Poems for America
Interactive Press, $22 pb, 80 pp
David Rowbotham is a Queensland poet whose first book was published nearly fifty years ago. His career has a shape that is often found in the arts: a quiet figure whose work is politely rather than rhapsodically received, and whose reputation grows almost by a process of attrition until, eventually, he is one of the few of his contemporaries left standing. It often comes about that a consistent, undemonstrative style, adhered to religiously, itself becomes an important statement, to be rediscovered by a new generation of contemporaries. But this is not quite what has happened in Rowbotham’s case, because his books have changed continuously. He began writing as a young man, returned from the war, discovering for the first time the place in which he had grown up: Ploughman and Poet (1954) may be Bulletin in style, but it is a complex book, and the central oppositions between city and Darling Downs, between manual labour and poetry, remain compelling.
Perhaps the central pattern of Rowbotham’s career has been rediscovery. His first book rediscovered the rural life, and later ones have rediscovered those war experiences firmly put aside in his earlier works. Now this strange new collection rediscovers, on the surface, travel experiences, but its real task is rediscovering the self by a complex form of redefinition. It aims to do this by exploring self-history – when you are close to eighty (Rowbotham was born in 1924), you can see yourself not only as a developing self but as an historical phenomenon. But, instead of containing thoughtful, autumnal retrospectives or (pace Dorothy Hewett’s last books) intense but lucid flashes from past experience, Poems for America is a series of difficult, compressed, multi-layered poems, squashing together personal experience, myth and history, with complex results.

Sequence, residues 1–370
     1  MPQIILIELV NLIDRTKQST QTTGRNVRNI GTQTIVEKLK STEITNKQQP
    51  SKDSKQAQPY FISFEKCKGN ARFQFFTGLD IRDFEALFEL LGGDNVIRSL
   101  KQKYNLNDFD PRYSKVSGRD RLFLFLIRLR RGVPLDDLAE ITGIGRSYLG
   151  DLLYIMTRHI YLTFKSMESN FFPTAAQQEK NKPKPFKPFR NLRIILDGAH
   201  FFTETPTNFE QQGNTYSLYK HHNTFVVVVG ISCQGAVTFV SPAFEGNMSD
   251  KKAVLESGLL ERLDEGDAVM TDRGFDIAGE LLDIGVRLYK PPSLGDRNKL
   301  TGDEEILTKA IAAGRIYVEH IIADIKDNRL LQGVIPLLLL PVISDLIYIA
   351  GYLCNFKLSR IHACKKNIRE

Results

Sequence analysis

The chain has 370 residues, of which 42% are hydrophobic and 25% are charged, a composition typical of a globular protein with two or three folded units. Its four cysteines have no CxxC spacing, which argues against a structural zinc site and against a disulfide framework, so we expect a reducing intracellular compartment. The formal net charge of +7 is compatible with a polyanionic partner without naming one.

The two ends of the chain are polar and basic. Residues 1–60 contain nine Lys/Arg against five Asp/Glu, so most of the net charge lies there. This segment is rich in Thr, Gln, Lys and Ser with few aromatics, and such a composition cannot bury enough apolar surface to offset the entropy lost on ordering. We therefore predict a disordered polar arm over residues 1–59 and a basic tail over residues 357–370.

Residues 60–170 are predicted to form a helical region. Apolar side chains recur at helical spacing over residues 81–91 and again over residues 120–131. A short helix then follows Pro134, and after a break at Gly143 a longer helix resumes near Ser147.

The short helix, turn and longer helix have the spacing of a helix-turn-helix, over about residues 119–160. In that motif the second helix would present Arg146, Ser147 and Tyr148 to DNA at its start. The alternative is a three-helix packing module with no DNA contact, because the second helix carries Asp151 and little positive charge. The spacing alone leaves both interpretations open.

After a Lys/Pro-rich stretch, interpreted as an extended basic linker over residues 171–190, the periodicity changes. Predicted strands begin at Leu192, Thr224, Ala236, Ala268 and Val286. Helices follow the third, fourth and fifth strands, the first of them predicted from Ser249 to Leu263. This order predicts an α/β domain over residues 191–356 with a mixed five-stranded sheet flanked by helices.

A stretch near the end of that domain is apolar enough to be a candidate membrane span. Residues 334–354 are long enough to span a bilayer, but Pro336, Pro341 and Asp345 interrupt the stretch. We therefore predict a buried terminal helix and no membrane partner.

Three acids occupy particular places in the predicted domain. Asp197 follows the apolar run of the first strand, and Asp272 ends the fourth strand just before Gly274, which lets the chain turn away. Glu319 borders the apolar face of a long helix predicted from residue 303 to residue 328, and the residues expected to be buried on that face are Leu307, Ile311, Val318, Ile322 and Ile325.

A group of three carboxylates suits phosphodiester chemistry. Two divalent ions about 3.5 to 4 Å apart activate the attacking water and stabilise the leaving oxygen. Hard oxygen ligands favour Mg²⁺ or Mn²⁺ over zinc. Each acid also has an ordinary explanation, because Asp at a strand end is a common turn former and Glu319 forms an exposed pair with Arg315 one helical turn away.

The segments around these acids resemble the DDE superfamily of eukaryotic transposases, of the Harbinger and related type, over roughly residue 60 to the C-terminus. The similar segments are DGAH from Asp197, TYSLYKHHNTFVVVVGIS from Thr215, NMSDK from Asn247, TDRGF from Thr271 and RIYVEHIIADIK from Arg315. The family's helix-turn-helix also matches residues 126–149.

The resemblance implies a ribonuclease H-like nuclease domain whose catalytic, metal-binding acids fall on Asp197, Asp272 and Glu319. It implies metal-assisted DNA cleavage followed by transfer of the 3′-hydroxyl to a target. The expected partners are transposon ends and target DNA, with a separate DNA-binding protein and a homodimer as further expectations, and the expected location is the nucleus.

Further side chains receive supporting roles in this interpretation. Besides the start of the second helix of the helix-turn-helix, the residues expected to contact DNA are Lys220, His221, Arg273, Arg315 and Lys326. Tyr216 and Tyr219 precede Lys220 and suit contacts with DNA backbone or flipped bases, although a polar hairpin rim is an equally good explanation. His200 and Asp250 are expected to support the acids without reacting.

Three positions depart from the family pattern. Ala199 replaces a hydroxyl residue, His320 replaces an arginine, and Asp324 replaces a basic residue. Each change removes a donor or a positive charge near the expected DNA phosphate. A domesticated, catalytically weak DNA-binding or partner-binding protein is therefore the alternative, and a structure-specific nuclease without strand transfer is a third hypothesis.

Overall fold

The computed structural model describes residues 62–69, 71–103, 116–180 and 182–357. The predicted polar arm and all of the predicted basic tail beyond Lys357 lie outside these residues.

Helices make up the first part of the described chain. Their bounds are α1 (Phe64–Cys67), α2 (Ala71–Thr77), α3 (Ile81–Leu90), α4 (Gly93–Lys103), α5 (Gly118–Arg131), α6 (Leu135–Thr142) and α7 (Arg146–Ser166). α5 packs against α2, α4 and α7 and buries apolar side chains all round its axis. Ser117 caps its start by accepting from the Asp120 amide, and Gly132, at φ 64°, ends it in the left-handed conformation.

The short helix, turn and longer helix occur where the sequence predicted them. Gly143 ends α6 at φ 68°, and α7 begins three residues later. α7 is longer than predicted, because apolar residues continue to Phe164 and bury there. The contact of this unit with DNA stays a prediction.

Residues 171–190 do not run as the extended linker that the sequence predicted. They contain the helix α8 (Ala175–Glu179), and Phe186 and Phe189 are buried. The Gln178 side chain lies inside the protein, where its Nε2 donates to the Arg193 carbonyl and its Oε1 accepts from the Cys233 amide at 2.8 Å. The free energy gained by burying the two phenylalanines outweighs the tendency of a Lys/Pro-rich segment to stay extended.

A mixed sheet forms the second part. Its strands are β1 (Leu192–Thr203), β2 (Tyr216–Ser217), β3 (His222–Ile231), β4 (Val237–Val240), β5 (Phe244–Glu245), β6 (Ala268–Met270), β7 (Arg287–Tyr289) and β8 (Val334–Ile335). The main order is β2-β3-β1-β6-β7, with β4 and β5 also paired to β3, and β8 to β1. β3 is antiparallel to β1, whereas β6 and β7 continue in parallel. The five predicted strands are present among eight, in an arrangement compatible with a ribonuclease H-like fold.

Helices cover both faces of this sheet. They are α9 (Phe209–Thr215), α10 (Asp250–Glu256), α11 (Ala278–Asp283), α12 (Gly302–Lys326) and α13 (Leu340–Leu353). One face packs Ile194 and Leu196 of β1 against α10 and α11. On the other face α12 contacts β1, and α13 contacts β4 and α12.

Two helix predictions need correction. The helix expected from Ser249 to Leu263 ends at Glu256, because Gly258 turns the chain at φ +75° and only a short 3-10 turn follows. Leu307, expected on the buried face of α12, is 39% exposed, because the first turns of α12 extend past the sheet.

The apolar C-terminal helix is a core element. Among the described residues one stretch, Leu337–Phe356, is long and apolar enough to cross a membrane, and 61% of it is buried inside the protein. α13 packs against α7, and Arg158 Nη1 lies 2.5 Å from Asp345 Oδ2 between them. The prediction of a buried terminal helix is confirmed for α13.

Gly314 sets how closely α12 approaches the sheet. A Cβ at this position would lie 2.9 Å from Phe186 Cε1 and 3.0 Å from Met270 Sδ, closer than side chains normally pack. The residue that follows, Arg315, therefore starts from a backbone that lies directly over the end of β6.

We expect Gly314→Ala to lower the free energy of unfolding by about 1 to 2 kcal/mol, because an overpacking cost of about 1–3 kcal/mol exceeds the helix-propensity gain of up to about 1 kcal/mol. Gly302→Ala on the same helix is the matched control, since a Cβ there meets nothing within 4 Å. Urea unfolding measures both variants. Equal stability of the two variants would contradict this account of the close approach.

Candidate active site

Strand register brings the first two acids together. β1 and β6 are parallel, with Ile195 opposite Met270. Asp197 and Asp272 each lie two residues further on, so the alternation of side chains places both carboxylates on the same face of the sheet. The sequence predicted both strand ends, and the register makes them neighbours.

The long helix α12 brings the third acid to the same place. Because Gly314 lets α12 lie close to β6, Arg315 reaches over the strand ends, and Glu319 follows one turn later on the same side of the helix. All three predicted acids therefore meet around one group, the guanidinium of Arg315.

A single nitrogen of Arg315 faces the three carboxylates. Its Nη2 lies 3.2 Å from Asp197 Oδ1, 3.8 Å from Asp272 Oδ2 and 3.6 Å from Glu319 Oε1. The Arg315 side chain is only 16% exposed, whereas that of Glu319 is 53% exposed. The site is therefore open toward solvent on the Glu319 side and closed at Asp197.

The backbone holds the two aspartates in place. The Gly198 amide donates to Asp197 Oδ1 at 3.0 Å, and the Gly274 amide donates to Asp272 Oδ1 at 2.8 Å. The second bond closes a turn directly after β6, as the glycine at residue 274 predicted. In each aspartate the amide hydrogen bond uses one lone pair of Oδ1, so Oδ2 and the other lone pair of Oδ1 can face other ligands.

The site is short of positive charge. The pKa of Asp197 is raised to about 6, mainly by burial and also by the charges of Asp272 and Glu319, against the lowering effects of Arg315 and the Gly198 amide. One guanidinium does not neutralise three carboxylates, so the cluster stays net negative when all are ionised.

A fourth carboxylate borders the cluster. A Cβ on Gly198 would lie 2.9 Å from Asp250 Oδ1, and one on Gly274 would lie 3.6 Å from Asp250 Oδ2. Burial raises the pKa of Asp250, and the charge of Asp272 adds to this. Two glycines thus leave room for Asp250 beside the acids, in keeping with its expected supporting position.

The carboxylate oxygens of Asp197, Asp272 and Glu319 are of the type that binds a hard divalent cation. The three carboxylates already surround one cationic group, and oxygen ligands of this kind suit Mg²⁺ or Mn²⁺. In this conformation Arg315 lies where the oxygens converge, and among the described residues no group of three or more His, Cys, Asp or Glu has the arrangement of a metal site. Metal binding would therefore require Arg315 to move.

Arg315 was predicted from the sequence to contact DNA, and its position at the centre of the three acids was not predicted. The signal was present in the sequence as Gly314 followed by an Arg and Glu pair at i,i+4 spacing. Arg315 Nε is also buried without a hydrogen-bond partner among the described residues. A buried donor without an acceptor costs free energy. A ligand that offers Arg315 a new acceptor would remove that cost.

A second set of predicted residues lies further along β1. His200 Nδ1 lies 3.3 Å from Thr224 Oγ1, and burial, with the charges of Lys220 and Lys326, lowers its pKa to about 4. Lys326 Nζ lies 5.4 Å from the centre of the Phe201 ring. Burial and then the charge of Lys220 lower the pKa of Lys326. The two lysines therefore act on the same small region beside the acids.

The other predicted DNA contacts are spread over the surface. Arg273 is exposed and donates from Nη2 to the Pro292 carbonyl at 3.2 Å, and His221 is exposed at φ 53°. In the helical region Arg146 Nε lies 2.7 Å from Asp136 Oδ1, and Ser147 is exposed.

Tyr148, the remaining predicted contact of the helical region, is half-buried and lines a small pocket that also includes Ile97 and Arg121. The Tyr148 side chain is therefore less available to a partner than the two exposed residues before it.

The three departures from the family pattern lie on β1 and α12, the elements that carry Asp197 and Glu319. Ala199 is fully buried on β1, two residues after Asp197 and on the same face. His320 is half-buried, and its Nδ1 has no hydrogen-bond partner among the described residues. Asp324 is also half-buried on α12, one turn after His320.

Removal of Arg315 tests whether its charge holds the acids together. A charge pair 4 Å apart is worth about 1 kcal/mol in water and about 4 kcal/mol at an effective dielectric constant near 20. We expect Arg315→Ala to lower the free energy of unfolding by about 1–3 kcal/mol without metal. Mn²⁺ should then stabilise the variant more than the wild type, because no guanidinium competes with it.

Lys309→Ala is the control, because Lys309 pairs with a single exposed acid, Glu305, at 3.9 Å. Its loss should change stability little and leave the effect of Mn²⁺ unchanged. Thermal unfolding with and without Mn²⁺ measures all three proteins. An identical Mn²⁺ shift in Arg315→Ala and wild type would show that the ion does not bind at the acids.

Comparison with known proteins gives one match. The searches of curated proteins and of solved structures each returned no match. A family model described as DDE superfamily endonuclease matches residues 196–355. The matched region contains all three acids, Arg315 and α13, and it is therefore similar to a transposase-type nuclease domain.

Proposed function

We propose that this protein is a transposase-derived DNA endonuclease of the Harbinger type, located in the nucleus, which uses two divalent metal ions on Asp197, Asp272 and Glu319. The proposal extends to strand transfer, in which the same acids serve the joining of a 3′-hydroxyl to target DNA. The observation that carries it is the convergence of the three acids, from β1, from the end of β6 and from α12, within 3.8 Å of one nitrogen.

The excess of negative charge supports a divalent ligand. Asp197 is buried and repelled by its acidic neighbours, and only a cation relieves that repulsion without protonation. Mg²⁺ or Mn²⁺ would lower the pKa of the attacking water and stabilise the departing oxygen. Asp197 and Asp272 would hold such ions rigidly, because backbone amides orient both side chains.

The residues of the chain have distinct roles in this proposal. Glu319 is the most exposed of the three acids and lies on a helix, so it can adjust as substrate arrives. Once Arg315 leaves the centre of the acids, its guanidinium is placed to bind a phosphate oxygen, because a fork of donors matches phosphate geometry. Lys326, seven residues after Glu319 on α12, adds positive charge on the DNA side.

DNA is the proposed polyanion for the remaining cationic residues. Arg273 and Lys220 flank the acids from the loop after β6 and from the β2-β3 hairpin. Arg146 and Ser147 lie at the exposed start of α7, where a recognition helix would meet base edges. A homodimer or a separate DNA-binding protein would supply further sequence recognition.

Poems for America is a powerful, even extraordinary, book but, caveat lector, it is not one that declares its qualities immediately or easily. Stylistically, for example, it is a long way from the opening lines of ‘For the Darling Downs’, the first poem in his first book – ‘Your subtle veins of soft creeks lisp and beat / Under the exile’s dream, and your ripe wheat, / Golden like a fable, quivers in blades / Of light in the white appraisal of the clouds’ – to these lines, taken at random from the American poems early in this book: